P.N. Mookerjee, J.
1. In this appeal the dispute relates to the validity of a transaction of sale of a pala of the Kalighat temple and the decision depends upon the true meaning and scope of the relative rule, laid down in the case of Mahamaya Devi v. Haridas Haldar. 20 Cal LJ 183: (AIR 1915 Cal 161 (2) ) (A) and its effect on the rights of the parties in the present case in the particular facts hereof. In the two courts below, the parties differed also on the question of the true nature of the disputed transaction, namely, whether it was a mortgage or a sale, but, the courts below having concurrently held that it was a sale, the appellants have not chosen to reiterate their said contention in this Court that it was a mortgage and not a saleThe appeal has been argued by their learned Advocate upon the footing that the transaction was a sale and not a mortgage and the only contention that has been pressed before us is that the sale of the pala is not valid, it being outside the sanctioned limits as laid down in the case, cited above.
2. The pala in question admittedly belonged to one Narain Das Mukherjee who was a Shebait of the Kalighat deities Sree Sree Kalimata Thakurani. Sree Sree Nakuleswar Mahadev, Sree Sree Shyam Roy and several others. By the disputed transaction, which is dated 17th Baisakh, 1347 B. S. Naraindas sold the pala to the defendant for Rs. 700/-. The plaintiffs, who are the sons of Naraindas instituted the present suit on April 2, 1951, for a declaration that they -- and not the attendant, -- were the owners of the above pala, notwithstanding the above transaction which, according to the plaintiffs, was a mortgage and not a sale, and, in any event, was fraudulent and collusive and, even if it was a sale, not so vitiated, it was invalid in law and did not pass any title to the defendant as the latter was not a competent person to whom the pala could be sold in law. The defence asserted that the disputed transaction was a sale, not vitiated by any defect whatsoever, and that it was perfectly valid in law and fully effective to pass title to the defendant.
3. In the plaint, the competency of the defendant was challenged on the ground that he was not a shebait of the Kalighat deities and belonged to the same gotra as the said deities' shebaits which made it impossible for him to marry a daughter of the said shebaits and as such he was outside the group of persons to whom a pala of the Kalighat temple could be validly transferred in law. This was denied in the written statement where the defendant set up validity of the disputed sale in his favour and claimed title under it.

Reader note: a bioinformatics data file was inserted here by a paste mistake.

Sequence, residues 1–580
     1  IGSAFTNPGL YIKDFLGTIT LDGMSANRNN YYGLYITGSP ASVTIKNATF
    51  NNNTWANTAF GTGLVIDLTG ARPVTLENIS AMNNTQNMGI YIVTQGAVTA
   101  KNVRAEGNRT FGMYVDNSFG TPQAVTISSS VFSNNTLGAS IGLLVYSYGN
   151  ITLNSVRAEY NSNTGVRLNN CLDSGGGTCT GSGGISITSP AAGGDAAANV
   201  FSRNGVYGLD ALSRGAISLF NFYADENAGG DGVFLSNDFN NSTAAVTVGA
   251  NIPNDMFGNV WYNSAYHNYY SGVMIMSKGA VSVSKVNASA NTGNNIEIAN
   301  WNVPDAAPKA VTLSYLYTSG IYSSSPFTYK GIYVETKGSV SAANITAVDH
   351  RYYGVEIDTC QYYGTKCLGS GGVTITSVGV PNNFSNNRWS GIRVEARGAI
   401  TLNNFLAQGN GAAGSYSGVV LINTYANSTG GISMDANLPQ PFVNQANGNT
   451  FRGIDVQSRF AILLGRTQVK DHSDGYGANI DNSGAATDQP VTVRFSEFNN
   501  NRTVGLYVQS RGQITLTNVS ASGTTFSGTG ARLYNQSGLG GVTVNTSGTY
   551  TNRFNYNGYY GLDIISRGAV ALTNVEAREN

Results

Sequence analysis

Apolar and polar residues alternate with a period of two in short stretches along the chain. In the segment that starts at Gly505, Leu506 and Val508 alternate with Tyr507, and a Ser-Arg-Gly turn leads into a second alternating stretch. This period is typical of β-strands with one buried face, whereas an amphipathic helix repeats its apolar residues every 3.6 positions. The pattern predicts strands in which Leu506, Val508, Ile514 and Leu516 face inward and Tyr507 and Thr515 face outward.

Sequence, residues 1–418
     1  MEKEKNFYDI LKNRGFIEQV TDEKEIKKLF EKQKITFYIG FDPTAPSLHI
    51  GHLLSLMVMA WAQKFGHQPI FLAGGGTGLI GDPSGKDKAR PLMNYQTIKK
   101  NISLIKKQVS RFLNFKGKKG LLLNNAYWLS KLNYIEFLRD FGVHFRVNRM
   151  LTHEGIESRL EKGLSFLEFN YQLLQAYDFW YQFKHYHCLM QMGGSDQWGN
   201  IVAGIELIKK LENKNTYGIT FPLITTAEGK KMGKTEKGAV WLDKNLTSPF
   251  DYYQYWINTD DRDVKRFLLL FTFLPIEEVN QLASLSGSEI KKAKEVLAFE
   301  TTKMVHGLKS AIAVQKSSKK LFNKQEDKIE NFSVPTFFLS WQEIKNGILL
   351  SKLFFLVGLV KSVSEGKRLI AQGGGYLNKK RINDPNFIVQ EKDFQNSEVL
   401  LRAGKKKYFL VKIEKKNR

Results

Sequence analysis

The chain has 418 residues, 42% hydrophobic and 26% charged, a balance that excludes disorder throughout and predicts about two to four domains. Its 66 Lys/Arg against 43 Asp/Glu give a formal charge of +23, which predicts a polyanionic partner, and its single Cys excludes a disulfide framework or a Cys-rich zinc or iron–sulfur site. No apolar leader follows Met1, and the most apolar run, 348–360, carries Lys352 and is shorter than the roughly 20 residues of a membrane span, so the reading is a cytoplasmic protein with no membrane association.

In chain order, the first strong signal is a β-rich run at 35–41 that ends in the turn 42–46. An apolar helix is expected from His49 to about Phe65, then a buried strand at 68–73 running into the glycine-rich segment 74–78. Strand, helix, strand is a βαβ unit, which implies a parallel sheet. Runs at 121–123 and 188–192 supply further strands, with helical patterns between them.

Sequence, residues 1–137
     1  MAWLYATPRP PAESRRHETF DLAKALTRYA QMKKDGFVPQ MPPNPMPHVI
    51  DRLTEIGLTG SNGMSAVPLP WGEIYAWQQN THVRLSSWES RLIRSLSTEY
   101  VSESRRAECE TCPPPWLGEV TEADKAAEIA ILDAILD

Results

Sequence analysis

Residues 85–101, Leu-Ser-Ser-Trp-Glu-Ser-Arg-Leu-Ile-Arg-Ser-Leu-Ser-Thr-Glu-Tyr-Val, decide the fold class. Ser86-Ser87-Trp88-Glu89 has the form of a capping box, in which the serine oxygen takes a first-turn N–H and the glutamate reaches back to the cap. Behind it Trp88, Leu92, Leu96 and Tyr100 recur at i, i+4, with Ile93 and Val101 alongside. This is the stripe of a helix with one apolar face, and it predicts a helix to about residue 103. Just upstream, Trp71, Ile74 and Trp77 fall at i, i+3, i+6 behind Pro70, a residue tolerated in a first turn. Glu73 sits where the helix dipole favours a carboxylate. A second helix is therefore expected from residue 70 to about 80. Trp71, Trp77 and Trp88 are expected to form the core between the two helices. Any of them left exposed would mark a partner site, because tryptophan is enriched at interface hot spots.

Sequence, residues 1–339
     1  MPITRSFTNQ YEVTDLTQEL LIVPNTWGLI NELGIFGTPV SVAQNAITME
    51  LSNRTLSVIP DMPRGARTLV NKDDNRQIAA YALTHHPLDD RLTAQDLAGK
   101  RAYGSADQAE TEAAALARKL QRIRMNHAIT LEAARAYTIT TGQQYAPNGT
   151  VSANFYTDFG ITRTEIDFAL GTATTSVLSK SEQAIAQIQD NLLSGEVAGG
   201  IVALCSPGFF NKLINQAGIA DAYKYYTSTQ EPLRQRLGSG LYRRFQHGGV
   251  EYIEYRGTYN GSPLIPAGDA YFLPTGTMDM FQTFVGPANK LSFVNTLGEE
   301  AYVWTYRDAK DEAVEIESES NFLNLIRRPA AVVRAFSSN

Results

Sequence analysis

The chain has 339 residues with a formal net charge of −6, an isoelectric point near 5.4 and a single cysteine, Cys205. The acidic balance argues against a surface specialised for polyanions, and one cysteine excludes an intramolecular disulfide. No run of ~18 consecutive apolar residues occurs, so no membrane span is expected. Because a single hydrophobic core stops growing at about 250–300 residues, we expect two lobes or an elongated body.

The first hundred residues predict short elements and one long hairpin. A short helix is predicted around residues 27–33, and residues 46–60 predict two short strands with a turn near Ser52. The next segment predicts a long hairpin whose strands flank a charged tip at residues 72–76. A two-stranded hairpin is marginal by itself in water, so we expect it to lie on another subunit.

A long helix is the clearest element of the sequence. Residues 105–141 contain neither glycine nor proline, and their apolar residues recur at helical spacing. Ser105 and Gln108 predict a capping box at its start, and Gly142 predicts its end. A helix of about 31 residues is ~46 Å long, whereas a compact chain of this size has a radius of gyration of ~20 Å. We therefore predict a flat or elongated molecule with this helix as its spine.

4. In the courts below, the parties appear to have fought mainly upon the true limits of the rule, laid down in the case of Mahamaya Devi v. Haridas Haldar, (A), cited above regulating transfer of Kalighat palas. There was no dispute that such palas were transferable only to a limited class of persons, as laid down in that case. What that class is the point to be decided. There can be no question that it includes co-shebaits and also potential or prospective shebaits by birth or marriage, this relationship, however, being, In our opinion, existing relationship. We do not think also that shebaits, relationship to whom or to whose family by birth or marriage would entitle a person to be a potential or prospective shebait within the above class, would include only the hereditary shebaits Haldars who are Chatterjees or of Kashyap Gotra and not the shebaits in their daughters' lines who may be Banerjees, Mukherjees etc. Although greater stress is laid in the Judgment on relationship with the hereditary shebaits, reading it as a whole, it seems clear that relationship with other shebaits is also sufficient to bring one within the above class. Co-shebaits, of course, would include those other shebaits & the trend of discussion in the case cited would not justify their exclusion when the question of eligible relationship falls to be considered. Shehaits, however must be distinguished from mere paladars, that is, mere holders of palas, who do not come within the group of hereditary or other shebaits, as mentioned above, and they do not seem to be eligible for purposes of the above relationship, although they may be entitled to acquire and hold the palaby virtue of the custom, noticed in the above decision. Amongst this class, come the hereditary priests of the deities whose purchases have been recognised from very ancient times. Even though only one such instance is noticed and mentioned in the leading Judgment of Mukherjee J., in 20 Cal LJ 183: (AIR 1915 Cal 161 (2) )(A), his Lordship (and with him Beachcroft J., agreed on this point) was inclined to accept the validity of that transaction as coming within the scope of the custom, found and recognised by them. This is apparent from the manner of referring to that transaction, his Lordship seeking to Justify it, that is, to affirm its validity, by citing reasons in that behalf. This position is made perfectly clear when we refer in this connection to the Judgment of the learned Subordinate Judge (who dealt with the case in the trial court in 20 Cal LJ 183: (AIR 1915 Cat 161 (2) ) (A), which was restored by their Lordships. The very important passage at page 187 of the report (Cal LJ): (at p. 163 of AIR), namely.